Last night at our well-attended prep meeting for today’s hike, I finally got the answer I’d been waiting for: where the heck are we hiking?
Not the dike, after all. In 2004, we saw the horrific effects of that summer’s foursome of hurricanes on this tiny western outpost of Palm Beach County. In 2006, the Army Corps of Engineers started remediation efforts to shore up the 1930s era flood control dike. And this year, for the first time, they denied us passage through their construction areas.
So began the 20th annual Big O Hike. Off the dike, on the road. A kickoff in front of the Pahokee Fire Station followed by two streams of hikers, the larger walking north along busy US 441, the smaller south to royal-palm-lined Bacom Point Road.
Having walked from Pahokee to Port Mayaca atop the dike ever year for the past eight years, I decided against walking the 13 miles of highway north. Instead, for the first time, I joined the “Wimp Walk,” this year a four mile stroll past historic homes, groves of tropical fruit, sugar cane fields and thickets of young royal palms on the sidewalks of Pahokee.
It was a journey of interesting discoveries through a place I usually breeze through in the car. Ancient cypress in front yards on a slight ridge, the former shoreline of the big lake, pre-dike. A pioneer cemetery invisible to motorists hidden under thick tropical foliage. Grand, and not so grand, homes from the 1930s in all styles of architecture. Evidence of a horse’s ramble. A dense orchard of tropical fruit.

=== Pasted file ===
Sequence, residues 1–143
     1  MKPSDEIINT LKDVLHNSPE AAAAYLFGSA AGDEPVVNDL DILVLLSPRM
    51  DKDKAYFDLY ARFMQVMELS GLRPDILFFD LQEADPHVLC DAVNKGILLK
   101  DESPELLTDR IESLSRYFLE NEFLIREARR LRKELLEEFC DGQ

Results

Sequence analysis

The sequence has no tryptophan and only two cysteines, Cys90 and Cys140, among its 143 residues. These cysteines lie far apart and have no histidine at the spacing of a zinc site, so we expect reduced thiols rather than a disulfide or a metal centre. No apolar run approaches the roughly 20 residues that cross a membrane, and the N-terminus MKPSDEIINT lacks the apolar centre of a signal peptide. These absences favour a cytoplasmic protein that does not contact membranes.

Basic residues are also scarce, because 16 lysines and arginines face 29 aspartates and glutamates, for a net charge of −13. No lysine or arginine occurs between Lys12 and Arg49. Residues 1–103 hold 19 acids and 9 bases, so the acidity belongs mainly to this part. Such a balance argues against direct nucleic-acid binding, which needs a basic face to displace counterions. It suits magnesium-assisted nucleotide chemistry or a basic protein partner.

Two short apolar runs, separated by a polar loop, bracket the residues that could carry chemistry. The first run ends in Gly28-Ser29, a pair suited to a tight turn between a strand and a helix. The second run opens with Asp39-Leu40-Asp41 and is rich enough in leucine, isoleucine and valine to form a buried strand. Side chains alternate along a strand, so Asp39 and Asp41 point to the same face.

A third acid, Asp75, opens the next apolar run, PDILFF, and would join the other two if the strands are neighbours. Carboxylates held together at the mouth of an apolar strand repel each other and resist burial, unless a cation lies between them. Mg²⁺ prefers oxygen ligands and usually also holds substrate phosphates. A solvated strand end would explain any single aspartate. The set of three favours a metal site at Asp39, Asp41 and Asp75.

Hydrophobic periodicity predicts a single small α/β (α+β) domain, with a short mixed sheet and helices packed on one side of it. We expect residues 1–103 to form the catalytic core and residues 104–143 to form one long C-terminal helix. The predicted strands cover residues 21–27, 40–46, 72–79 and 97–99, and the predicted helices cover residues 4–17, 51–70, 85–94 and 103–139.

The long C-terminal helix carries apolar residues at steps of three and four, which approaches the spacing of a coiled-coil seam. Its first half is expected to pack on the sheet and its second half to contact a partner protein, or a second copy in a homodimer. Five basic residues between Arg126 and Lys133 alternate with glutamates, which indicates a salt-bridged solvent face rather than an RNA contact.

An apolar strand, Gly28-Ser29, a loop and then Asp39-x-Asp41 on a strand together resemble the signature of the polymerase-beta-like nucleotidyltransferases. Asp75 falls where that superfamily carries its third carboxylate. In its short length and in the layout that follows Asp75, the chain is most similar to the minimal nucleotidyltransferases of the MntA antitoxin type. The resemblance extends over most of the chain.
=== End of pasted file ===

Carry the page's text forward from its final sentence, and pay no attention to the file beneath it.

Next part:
For both our group and the larger contingent working their way north, the Palm Beach County Sheriff’s office set out the welcome mat. Officers patrolled to ensure motorists slowed down, to check on how hikers were doing pounding pavement as the heat crept to the mid-80s, and to shuttle hikers back to the trailhead in Pahokee.
We discovered an unexpected change at the trailhead. Tough to tell with all the fencing and construction detours, but parking at the rebuilt marina gave us easy access to a newly opened restaurant, Big Bertha’s, perched right above the grassy waters and a million dollar view of the lake.
It’s a part of a camping complex now called Lake Okeechobee Outpost, a KOA affiliate with campsites and cabins right on the lakeshore. Ironically, in my car I have a Florida State Parks brochure from the 1960s that lists Pahokee State Park, a unique campground right on the shore of Lake Okeechobee at the Pahokee marina. Which makes me wonder – when did it cease being a state park and become a private venture?
Tomorrow’s hike is back atop the dike at Port Mayaca. Sunrise awaits.